In Godard: A Portrait of the Artist at Seventy, Colin MacCabe’s reckoning of the Nouvelle Vague lion, the author takes a moment to chide the French director’s autumnal grumpiness, particularly toward American pop culture. “The man who admired Frank Tashlin,” the author notes, “seems to not have seen The Simpsons.” Even if it didn’t boast two of my personal all-time favorites (“Homie the Clown” and “Lemon of Troy”), the sixth season of the longest-running animated series on TV would still validate MacCabe’s claim and remain a prime sample of what is arguably one of the richest works of pop art in the most mainstream of mediums.
Tashlin is an apt cross-reference, and a good starting point—the filmmaker’s garish ’50s extravaganzas and the misadventures of Springfield dwellers dip equally into a culture’s pop-consumption reservoirs for satirical purposes, all while recognizing themselves as inextricable portions of that culture. Movie-spoofing makes up just one of the overlapping areas, and, indeed, the Rear Window parody that Tashlin devised in Artists and Models could be said to inaugurate the season in “Bart of Darkness,” where a broken leg grounds Bart for the summer in front of his bedroom window, from which odd happenings can be spotted at the Flanders place.
The parody from that Hitchcock masterpiece could have been enough for an entire episode, yet it sits comfortably next to assorted nods to Busby “Overhead-Shot” Berkeley kaleidoscopes, Poe’s The Cask of Amontillado, Star Trek, and Un Chien Andalou, among many others. Elsewhere, the whole Cheers cast drops in for a quick visit in “Fear of Flying,” Mr. Burns turns the “Be Our Guest” song from Disney’s Beauty and the Beast into an ode to his endangered species-furnished wardrobe, and the annual Halloween entry skewers Kubrick, Orwell, and Soylent Green’s human-snacks. Amid the avalanche of references, sneaky subtleties abound in subversive assaults that may have escaped the censors’ scissors due to the unabashed laughter they provoke—thus, in “Sideshow Bob Roberts,” a prophetic coup materializes as Bart’s mortal enemy supplants Kennedy-horny Quimby in the governor’s chair with the help of a Rush Limbaughian windbag and the Republican Party Headquarters, which counts brawny film star Rainer Wolfcastle (a stand-in for another future governator) as well as a horned demon among its members. Even more sly is “Bart’s Girlfriend,” where the one character who outdoes the young hellion in “evil” turns out to be Reverent Lovejoy’s “classic cry for attention” daughter Jessica, nothing less than the fruit of the immaculate upbringing to which the Simpson clan stands opposite.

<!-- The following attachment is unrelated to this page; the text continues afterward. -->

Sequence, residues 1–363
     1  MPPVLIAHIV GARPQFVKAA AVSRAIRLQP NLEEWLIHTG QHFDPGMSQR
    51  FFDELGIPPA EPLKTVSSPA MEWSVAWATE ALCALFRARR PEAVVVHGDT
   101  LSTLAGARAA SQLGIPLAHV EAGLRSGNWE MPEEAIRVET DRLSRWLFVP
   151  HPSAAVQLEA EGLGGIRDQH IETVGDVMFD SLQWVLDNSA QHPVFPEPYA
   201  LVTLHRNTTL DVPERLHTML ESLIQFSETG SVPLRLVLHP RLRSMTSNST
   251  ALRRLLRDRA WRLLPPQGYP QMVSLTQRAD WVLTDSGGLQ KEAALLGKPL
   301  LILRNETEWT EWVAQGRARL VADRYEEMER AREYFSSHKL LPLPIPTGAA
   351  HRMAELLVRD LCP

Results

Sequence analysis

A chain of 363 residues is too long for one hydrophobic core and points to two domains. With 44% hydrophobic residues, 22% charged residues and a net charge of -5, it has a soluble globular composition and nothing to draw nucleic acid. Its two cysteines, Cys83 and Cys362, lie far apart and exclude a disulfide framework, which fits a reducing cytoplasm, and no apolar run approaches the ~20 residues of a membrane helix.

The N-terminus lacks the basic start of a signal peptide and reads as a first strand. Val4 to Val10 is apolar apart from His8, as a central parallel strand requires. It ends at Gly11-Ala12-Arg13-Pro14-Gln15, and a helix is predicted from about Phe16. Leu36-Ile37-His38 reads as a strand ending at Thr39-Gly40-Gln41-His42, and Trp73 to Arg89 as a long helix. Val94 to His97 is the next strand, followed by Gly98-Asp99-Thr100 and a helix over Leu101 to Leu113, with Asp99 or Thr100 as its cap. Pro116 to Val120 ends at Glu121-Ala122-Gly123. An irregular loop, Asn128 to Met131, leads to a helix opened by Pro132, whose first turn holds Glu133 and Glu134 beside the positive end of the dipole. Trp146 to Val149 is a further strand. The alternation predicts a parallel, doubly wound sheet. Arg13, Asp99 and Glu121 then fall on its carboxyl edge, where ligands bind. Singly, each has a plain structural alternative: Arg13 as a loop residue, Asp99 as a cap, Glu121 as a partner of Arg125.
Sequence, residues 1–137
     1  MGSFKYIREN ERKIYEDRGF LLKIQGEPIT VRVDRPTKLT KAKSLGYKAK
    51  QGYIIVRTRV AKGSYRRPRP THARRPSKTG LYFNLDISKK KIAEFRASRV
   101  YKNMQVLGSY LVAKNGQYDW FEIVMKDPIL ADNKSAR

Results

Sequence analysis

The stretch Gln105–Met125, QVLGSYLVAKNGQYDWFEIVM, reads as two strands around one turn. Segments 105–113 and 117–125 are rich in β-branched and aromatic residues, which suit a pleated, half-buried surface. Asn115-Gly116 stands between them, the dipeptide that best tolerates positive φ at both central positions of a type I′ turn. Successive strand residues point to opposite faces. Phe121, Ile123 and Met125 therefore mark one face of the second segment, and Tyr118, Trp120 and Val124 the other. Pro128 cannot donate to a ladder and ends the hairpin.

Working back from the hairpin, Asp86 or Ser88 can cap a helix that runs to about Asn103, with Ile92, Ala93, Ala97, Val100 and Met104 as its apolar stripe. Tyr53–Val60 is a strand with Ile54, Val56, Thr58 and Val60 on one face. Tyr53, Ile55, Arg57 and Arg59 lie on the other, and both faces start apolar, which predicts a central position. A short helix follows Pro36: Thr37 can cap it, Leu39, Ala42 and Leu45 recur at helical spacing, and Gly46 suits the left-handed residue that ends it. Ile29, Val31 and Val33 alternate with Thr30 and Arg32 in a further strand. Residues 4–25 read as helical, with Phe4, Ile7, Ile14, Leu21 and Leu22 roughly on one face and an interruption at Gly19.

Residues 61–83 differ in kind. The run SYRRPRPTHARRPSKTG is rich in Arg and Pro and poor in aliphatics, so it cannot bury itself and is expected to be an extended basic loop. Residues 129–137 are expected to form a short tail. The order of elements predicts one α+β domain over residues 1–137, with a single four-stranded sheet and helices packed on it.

In retrospect, season six fills in a transitional slot for the show, somewhere in between Matt Groening’s original conception of a warts-and-all view of family and society politics and the incessant self-reflexivity and non-sequitur addiction that is to follow in the later seasons. (Fellow toon Jay Sherman, late from the lamentably cancelled The Critic, puts in an appearance in “A Star Is Burns,” yet no episode is as self-referential as, say, “The Itchy & Scratchy & Poochie Show” two seasons later.) And while Meryl Streep, Winona Ryder, Joe Mantegna, Anne Bancroft, and Susan Sarandon contribute guest voice-work, the episodes remain free from the gratuitous, self-fondling celebrity-spotting that often pockmarks more recent outings.
The characters’ quirks have long hardened into pop iconography, yet what is most striking is how often this season was willing to question these quirks to mine depths of feeling—Lisa’s braininess cloaks an aching insecurity brought to the fore in “Lisa’s Rival,” the bond between Homer and Grampa is shaken to reveal familial tensions right out of O’Neill in “Grampa vs. Sexual Inadequacy,” and Marge’s own yearning for excitement is explored in “The Springfield Connection.” The thread of society is revealed as a slender one when threatened in “Bart’s Comet,” yet a genuine family love can halt matrimony in “Lisa’s Wedding.” Homer’s stint at Clown College, his brief spell as sexual-harassment pariah, and the kids’ Shelbyville invasion to retrieve a stolen lemon tree are pinnacles of sublime wackiness, but season six is first and foremost the supreme reminder that the series’s greatness lies in a mix of caustic satire and embracing humanity scarcely found outside of Renoir, Sturges, and Altman, least of all on primetime TV.
The full frame transfer maintains the vividness of the colors with only some occasional blurriness around the edges. The Dolby Digital stereo is also perfectly acceptable, though the interplay between commentary and episode noise can get distracting. Otherwise, a perfectly presentable transfer.
The extras on this four-disc package come on an individual episode basis, with deleted scenes and-most notably-fun, laidback running commentary by creators, directors, writers, and voice artists. The directors notice the care given to such cinematic elements as the angle of a shot or the lighting of a scene, the writers expound on the nature of gag-writing, and actors can't believe fans know more about the show than the crew. (Fans of bitchy celeb-gossip will be left wanting, as every guest star gets props.) Throughout, Matt Groening plays the group's cheeky mother hen, reminiscing about Dick Cavett, James Taylor, a joke he didn't like at the time and how Fox executives probably wonder where the hell they come up with this stuff.
Bart’s opening blackboard gag: "I will not skimp on sublimity. I will not skimp on sublimity."